The U.S. Immigration and Customs Enforcement (ICE) reached a settlement Monday with a group of immigrants who claimed they were unjustly separated from their families at the U.S.-Mexico border, allowing them to legally stay and work in the United States while receiving government benefits.
ICE reached the settlement as a response to a 2018 class action lawsuit filed against a policy implemented by former President Donald Trump in an attempt to stop the agency from separating immigrant children from their parents while processing their applications. The settlement, if approved by a federal judge, will prohibit ICE from deporting members of the class action lawsuit for a minimum of three years, gives immigrants government-sponsored housing and medical insurance, gives them legal assistance to become U.S. citizens and fast-tracks their asylum and citizenship applications.
“The separation of families at our southern border was a betrayal of our nation’s values,” Associate Attorney General Vanita Gupta wrote in a Department of Justice (DOJ) press release. “By providing services to these families and implementing policies to prevent future separations, today’s agreement addresses the impacts of those separations and helps ensure that nothing like this happens again.”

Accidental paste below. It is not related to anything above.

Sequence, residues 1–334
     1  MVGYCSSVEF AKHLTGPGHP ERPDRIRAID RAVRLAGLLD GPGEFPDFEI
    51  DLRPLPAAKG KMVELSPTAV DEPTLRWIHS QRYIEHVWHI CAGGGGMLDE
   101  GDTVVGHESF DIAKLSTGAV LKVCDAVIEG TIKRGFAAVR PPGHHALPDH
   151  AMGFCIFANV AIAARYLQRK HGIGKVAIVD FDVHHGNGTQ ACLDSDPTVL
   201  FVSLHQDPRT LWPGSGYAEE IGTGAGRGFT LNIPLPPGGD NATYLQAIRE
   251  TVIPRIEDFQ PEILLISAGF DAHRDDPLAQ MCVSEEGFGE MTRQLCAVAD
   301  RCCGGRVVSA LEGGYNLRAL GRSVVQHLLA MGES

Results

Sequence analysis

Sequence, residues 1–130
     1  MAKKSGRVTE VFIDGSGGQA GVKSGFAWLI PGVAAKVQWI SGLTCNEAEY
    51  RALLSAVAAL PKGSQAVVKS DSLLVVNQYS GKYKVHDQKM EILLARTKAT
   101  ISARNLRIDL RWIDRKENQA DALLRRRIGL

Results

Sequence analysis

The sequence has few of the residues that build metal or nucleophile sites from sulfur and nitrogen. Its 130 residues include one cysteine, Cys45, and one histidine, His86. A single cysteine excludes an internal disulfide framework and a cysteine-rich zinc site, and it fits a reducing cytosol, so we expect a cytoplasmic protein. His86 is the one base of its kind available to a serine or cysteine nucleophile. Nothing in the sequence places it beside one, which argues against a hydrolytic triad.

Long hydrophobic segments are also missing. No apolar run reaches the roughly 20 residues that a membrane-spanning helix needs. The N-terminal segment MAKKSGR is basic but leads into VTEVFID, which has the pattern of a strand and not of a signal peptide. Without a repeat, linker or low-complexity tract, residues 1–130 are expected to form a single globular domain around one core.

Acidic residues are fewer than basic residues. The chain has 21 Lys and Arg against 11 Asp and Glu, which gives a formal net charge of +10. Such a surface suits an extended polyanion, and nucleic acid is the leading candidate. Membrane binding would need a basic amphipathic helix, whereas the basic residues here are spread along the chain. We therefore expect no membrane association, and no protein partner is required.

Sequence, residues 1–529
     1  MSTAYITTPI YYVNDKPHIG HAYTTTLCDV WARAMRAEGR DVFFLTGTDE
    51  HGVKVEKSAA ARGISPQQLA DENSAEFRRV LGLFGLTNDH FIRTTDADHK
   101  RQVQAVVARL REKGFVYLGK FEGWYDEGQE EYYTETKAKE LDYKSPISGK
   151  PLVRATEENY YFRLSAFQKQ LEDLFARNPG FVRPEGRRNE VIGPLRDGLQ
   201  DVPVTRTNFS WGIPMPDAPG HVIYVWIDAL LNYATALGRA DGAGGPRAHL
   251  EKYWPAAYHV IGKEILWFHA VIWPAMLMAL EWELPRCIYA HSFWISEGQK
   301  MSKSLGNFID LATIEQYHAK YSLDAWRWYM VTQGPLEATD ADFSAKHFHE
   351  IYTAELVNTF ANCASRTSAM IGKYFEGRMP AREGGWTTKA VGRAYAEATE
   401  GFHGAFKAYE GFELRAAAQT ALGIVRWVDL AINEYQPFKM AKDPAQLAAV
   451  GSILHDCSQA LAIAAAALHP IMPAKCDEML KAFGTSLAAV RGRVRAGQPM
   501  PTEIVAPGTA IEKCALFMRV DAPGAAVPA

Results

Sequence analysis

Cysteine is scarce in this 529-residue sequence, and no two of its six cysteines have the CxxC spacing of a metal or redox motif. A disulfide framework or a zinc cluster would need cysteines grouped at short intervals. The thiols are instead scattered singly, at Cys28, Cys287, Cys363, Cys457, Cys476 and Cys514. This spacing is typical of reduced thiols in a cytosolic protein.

A key passage in this settlement would prevent a second Trump administration or another administration in the next 8 years from using migrant parents' illegal entry into the U.S. as a basis for separating them from their children. https://t.co/RZWgiRrgzy pic.twitter.com/LMR55mRPqo
— Camilo Montoya-Galvez (@camiloreports) October 16, 2023
The settlement allows “qualifying additional family members” of the class action participants to immigrate to the U.S. and receive the same benefits as the lawsuit members. It also prohibits ICE from separating children from their parents or legal guardians at the border for the next six years, even if they crossed the border illegally or if ICE suspects the pair may not be related, which could potentially hamstring an incoming Republican administration in 2024 seeking to reinstate Trump-era border policies.
The settlement mentions that individuals who are convicted felons or have warrants out for their arrest will not be eligible for the program. It also clarifies that minors can be justly separated from their immigrant parents if the children are in danger or if they need immediate medical attention.
At least 1.6 million illegal immigrants crossed the U.S.-Mexico border in fiscal year 2023, and more immigrants have chosen to cross illegally because they claim the Biden administration’s app that supposedly provides an expedited application process doesn’t work. Thousands of immigrants illegally cross the border each day in some locations, a surge that some border patrol agents blame on the government’s lack of deterrence for illegal immigration.
At least 290 immigrant children and their families qualify for the benefits provided by the settlement, according to the DOJ press release.
The DOJ and ICE did not immediately respond to the Daily Caller News Foundation’s request for comment.
Content created by The Daily Caller News Foundation is available without charge to any eligible news publisher that can provide a large audience. For licensing opportunities of our original content, please contact email@example.com